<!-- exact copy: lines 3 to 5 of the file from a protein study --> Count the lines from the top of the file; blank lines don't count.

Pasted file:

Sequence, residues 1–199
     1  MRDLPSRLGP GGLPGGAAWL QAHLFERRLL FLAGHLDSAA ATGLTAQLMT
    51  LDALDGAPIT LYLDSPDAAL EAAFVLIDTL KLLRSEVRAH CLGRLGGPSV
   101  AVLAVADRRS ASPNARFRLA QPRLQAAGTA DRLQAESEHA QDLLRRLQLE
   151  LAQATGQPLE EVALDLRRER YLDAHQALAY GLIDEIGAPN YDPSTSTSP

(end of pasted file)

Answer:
    51  LDALDGAPIT LYLDSPDAAL EAAFVLIDTL KLLRSEVRAH CLGRLGGPSV
   101  AVLAVADRRS ASPNARFRLA QPRLQAAGTA DRLQAESEHA QDLLRRLQLE
   151  LAQATGQPLE EVALDLRRER YLDAHQALAY GLIDEIGAPN YDPSTSTSP